14 January 2011 22:12 [Source: ICIS news]
By David Barry
Much of the US PP market is tethered to polymer grade propylene (PGP) contract benchmarks, and January PGP contracts rose 17 cents/lb ($375/tonne, €281/tonne) over December.
For January, US domestic PP homopolymer prices were heard in the mid-upper 80s and low 90s cents/lb DEL (delivered).
“The PP hikes surprise me, because nothing much has changed from a demand perspective,” a buyer at a large compounder said. The buyer planned to take less volume in January, opting to consume previously purchased inventory.
Faced with severely-limited export options and depressed domestic sales, the US PP industry would operate at rates of 68-70% in January, traders predicted.
Such low operating rates would require some lines to be idled for part of the month, sources said.
If feedstock propylene costs do not correct quickly on reduced PP demand, market participants said they would be deeply concerned about a structural feedstock shortage that would threaten the North American PP industry.
“As we have indicated in the past, we are at risk of destroying American manufacturing demand for polypropylene in a permanent fashion,” US producer Pinnacle Polymers said in a market note dated 13 January.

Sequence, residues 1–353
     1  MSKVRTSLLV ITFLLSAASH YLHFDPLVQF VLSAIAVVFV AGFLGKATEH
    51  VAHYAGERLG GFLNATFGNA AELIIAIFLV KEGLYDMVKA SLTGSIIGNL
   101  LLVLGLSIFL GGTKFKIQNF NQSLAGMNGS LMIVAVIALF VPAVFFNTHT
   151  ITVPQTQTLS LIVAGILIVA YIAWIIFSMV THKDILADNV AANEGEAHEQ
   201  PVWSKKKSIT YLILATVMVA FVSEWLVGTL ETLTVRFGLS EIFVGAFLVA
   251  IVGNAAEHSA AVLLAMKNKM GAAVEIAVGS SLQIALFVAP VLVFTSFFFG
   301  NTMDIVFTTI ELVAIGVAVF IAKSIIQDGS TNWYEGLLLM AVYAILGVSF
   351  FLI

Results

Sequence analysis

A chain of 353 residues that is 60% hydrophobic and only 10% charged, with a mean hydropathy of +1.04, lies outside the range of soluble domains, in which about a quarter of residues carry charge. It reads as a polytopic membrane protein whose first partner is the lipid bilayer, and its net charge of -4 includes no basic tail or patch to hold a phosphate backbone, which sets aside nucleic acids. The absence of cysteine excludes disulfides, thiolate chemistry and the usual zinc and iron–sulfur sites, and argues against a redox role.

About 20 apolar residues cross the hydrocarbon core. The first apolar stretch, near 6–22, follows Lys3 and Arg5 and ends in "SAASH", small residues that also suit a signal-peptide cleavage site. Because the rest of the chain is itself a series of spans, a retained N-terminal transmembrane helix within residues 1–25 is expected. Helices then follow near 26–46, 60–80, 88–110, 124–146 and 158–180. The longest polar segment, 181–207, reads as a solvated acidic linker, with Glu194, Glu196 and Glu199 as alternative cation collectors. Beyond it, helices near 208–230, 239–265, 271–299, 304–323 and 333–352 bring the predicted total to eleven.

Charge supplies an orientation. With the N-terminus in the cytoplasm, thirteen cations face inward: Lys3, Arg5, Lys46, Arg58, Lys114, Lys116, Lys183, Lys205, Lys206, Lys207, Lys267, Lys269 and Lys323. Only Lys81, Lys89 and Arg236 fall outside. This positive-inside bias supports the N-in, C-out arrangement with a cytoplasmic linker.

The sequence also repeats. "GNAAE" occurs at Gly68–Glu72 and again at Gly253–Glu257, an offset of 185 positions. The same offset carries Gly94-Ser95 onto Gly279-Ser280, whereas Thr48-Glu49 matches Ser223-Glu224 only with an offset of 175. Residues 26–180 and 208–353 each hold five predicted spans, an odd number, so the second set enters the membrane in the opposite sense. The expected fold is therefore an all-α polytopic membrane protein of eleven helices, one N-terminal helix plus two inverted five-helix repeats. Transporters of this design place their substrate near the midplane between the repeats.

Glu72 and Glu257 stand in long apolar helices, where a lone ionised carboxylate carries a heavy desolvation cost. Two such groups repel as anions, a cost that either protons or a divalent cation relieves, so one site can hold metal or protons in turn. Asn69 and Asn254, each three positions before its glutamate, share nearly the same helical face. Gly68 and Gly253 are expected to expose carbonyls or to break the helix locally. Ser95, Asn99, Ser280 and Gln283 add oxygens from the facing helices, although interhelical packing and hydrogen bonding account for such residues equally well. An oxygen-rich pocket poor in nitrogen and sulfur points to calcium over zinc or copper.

The note said the company was looking at increases in feedstock prices for January and February that are “unprecedented in magnitude.”
Brokers said the PP increases were driving a definite demand shift toward high density polyethylene (HDPE) injection, which can be subsituted for PP in certain applications such as housewares.
The PP resin price increases would drag on demand because processors would be unable to pass along the increases immediately, and would instead focus on selling off existing finished goods.
Also, price-conscious retailers could decide to devote valuable shelf space to products not made from expensive PP.
“I don’t know how [converters] can accept those kinds of increases and still be profitable,” a trader said. “Long term, people should be getting out of PP.”
A PP producer expressed confidence that the market would recover, however.
“I think there’s strong fundamental demand on a relative basis, and that is continuing to grow,” the source said. “Also, people don’t convert from PP based on one month of high prices.”
Major US PP producers include Braskem Americas,
($1 = €0.75)
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